As a native English speaker I don't think I ever fully understood (parsed) this common idiom until I saw the equivalent idioms in French.


Another colloquial way of saying this in the North of England would be to say:you can't have the toffee and the halfpenny too.


I recall learning idioms in my native language as a child. My parents would explain how the literal words applied to abstract concepts in life. I look at language learning as an adult in the same way. It would help me tremendously to look at the literal translation first and then relate that to the idiom as I know it in my native language. Otherwise I just memorize a phrase and it doesn't really make much sense to me. Can anyone explain this butter thing to me here?


The farmer can have the money, but the butter will be gone; or she can keep the butter and have no money.


My (DL wrong): You can't have THE cake and eat it too"<--

DL right: WE can't have THE cake and eat it too." / But, as an alternative (here): YOU can't have YOUR cake and eat it too.

Actually, I have heard the phrase: "You can't have THE cake and eat it too"." by well raised and "very English" people.

Is this idiosyncratic?


I like, "You can't have it both ways."


This is great XD you can't have the butter and the money for the butter. XD


why wouldn't "we can't have both" be a valid translation? Is the point of this to provide an equivalent idiom in English or to interpret the idiom's meaning?


To provide an equivalent idiom - this can "drive you round the bend", if you "haven't a clue", but as DianaM says above it's how we learn. I have to leave idioms till I'm in the right mood so I don't "throw the towel in" (don't ask....)


What does that even mean!?!?!?


Roughly speaking, it means, if you have a choice between two options and each rules out the other, then you cannot have them both. More specifically, if you buy the cake (or the butter) you cannot also have the money. Another interpretation might be that if you choose something nice, there is a penalty to pay. However, nothing gets the meaning across quite as effectively as the saying itself.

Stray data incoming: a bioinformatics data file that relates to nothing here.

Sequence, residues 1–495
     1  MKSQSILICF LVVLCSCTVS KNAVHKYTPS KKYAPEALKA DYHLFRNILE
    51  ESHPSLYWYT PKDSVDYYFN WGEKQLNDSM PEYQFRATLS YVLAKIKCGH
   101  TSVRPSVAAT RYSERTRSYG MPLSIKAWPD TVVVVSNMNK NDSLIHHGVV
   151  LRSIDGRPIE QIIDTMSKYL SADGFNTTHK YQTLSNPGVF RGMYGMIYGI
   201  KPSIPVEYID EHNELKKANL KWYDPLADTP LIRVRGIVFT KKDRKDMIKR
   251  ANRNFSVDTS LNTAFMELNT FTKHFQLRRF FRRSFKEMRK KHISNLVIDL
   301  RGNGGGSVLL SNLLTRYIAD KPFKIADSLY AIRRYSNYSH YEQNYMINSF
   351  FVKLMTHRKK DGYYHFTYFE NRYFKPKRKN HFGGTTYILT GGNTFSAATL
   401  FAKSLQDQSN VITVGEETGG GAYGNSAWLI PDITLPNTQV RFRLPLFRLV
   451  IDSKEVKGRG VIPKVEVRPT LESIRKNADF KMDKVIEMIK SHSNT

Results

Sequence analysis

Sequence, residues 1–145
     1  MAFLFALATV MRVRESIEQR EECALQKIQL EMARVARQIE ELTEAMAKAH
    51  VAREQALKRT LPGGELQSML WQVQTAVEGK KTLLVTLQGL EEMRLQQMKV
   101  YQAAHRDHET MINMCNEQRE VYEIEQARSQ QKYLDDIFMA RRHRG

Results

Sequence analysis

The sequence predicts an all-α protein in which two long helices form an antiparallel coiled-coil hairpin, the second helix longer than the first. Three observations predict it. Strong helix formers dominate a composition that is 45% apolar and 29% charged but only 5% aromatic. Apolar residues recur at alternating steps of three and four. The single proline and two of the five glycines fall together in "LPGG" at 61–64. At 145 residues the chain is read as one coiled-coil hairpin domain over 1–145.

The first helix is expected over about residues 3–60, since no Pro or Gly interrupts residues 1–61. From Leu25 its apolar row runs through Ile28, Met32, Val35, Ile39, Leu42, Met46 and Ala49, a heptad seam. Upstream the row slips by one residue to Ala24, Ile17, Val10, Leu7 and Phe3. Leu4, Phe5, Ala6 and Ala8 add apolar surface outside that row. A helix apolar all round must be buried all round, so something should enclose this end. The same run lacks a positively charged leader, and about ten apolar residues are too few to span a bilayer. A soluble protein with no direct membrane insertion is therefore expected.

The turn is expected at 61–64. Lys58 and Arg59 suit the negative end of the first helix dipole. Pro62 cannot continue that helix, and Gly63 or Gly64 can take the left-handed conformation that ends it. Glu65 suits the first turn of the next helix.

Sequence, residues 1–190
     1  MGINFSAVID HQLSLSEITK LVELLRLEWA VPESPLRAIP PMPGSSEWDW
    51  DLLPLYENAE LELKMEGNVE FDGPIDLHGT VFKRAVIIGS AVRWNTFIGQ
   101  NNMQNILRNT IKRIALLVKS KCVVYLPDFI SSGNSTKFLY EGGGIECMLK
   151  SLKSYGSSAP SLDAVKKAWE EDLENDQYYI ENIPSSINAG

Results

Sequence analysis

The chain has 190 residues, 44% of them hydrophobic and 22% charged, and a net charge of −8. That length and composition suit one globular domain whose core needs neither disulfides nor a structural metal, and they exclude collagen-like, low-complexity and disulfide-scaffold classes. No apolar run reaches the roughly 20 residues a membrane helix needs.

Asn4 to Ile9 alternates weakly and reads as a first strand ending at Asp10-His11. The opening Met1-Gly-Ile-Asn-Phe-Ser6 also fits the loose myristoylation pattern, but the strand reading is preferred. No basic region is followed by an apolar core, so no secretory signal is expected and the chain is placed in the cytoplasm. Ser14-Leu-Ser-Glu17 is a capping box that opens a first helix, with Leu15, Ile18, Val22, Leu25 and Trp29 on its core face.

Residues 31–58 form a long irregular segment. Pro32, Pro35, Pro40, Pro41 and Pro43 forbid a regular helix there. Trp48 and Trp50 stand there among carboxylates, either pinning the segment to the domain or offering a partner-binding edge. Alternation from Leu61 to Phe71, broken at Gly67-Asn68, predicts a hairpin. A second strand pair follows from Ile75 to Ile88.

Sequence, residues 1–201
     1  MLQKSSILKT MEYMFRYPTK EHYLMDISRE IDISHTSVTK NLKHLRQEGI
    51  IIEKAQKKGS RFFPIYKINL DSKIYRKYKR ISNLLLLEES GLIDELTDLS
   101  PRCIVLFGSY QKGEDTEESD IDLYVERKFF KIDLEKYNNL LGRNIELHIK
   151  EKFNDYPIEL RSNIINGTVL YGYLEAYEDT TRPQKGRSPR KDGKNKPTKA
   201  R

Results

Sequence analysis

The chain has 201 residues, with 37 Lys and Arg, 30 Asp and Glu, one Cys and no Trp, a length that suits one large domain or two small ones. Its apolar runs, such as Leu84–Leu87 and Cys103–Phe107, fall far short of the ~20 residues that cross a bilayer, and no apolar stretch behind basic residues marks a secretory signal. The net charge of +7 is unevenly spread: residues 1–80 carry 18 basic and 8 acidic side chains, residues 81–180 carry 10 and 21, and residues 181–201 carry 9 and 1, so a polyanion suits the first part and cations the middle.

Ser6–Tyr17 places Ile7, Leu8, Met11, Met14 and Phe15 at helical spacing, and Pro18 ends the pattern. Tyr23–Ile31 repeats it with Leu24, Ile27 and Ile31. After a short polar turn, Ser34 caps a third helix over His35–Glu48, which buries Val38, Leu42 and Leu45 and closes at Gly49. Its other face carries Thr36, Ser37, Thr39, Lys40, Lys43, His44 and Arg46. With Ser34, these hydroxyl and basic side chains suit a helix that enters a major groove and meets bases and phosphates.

There are too many possible versions of this idiom in English, "One can't have cake and eat it too" is wrong but should be right and "one can't have their cake and eat it too" is also wrong but should be right, but "one can't have his cake and eat it too" is correct


I don't necessarily agree with all you said, and I'm not sure where you are being ironic, but with regard to your final suggestion, shouldn't that be "One can't have one's cake and eat it too"? :) Just a thought.


Et le sourire de la crémière ?? XD


ni la crémière


I like, "You can't have it both ways."


one cant have the butter and keep the money


I think this might be incorrect - it makes no sense!! Butter & money???


It is not incorrect. It is an idiom. Literally, "You can't have the butter and the money for the butter". Meaning, you can't have two mutually exclusive things - if you buy butter, you won't have the money; if you keep the money, you won't have the butter. The usual English idiom with the same meaning is, "You can't have your cake and eat it [too]". OK?